Jersey City voters should expect another ballot question to consider in November as the city council approved an arts and culture referendum, along with an audit of 178 tax breaks and the 1st reading of an ordinance that would limit public speakers to three minutes each.
By Mike Montemarano/ Hudson County View
The governing body unanimously (9-0) introduced a measure which will allow voters to decide, via a ballot question, whether to implement a bump in property taxes that would be allocated to an Arts and Culture Trust Fund.
As the name suggests, the new municipal trust fund would be dedicated to non-profit art organizations in Jersey City if voters approve it.
This comes after Gov. Phil Murphy (D) signed a bill which was sponsored by Assemblyman Raj Mukherji (D-33) in January, allowing municipalities to post the question on their local ballots. Jersey City is officially the first municipality in the state to do so.
The costs, according to the statute, would not exceed two cents for every $100 in assessed property value. It’s estimated that the city could raise between $800,000 and $1,000,000 for the trust fund each year.
Furthermore, it mirrors the funding model for the city’s Open Space Trust Fund, which has raised hundreds of millions of dollars for use in constructing public parks since it was created in 2016.
Ward D Councilman Michael Yun, who said he wouldn’t “stand in the way of the public having a say,” still expressed reluctance about why funding for the arts had to be in a trust fund, external to the council’s annual budget planning.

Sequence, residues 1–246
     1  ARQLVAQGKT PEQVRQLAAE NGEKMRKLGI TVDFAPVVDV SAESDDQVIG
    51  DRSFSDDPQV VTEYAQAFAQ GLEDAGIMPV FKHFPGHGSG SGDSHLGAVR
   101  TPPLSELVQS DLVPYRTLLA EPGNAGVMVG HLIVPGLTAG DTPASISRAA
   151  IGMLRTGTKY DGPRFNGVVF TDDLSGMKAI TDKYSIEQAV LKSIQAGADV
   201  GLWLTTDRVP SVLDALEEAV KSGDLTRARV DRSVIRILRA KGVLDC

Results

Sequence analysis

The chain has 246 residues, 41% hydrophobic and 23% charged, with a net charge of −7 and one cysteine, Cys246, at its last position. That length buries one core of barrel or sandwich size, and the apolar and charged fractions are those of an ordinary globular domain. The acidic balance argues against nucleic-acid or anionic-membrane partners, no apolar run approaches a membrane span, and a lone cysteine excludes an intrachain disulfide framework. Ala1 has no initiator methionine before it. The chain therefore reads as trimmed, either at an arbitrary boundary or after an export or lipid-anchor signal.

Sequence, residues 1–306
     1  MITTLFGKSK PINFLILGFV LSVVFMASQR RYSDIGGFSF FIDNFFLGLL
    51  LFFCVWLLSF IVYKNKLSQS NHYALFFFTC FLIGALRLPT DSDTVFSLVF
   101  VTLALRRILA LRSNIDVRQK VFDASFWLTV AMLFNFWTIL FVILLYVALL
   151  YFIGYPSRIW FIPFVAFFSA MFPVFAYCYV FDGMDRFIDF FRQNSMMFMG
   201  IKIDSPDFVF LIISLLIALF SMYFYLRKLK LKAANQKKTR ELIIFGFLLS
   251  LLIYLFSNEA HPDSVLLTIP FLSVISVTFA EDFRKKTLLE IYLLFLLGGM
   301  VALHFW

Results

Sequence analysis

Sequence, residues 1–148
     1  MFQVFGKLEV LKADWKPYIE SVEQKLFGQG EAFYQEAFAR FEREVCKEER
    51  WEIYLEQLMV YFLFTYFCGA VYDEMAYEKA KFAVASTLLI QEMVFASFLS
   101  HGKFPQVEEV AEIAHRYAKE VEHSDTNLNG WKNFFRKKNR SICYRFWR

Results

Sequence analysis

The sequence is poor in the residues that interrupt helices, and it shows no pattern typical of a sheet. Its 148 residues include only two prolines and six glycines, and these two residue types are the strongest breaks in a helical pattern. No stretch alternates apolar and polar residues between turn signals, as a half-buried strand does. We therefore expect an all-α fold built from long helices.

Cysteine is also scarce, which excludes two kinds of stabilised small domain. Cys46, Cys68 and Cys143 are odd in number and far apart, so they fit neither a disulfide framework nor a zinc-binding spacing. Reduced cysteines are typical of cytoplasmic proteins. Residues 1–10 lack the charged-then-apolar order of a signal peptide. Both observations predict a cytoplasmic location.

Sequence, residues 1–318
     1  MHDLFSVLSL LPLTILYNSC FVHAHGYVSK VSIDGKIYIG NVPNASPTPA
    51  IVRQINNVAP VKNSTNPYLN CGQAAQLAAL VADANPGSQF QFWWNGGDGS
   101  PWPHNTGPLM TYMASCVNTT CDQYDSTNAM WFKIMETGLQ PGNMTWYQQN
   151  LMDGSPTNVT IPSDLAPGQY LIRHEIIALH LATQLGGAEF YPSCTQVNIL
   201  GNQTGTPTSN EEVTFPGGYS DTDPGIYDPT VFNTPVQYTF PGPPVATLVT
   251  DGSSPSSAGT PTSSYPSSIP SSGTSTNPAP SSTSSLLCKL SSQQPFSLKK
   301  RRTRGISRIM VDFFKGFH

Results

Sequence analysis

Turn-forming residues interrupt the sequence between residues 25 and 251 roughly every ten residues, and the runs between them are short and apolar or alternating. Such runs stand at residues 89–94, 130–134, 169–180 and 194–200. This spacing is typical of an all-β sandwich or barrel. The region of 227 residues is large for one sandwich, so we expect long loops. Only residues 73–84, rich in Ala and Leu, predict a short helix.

“I have nothing against greater funding for the arts,” Yun said. “The arts are a good cause. I do question the idea of doing this outside of the normal budgeting process. It’s through that system that the city sets its annual spending priorities.”
Despite voting to introduce the measure, Yun went on to say that he’s instinctively against the measure because it strikes him as a “backdoor tax increase.”
If passed by voters in November, the tax bump would fund a wide array of art forms, including visual and fine arts, music, dance, graphic design, film, digital media, video, architecture, urban design, humanities, literature, arts and culture education, historic preservation, museum curation, crafts, and folk arts, officials said previously.
At a raucous meeting last month, the council approved a referendum that will allow voters to decide whether or not the school board should remain elected or switch to being appointed – meaning the presidential ballot will have at least two referendum questions at this time.
Last night also made clear that all three accounting firms the Council was considering for an audit of every ongoing property tax abatement the city wants to investigate will be receiving contracts to do so.
According to a forensic audit authorized by the Jersey City Board of Education, the district is potentially losing $16.3 million each year because of inaccurate billing on 178 currently tax-abated properties – no mere drop in the bucket of the anticipated 2020-21 BOE budget deficit.
Jersey City BOE President Lorenzo Richardson believes that the district should brace to lose upward of $180,000,000 in state aid by 2024 due to changes in the New Jersey Department of Education’s funding formula.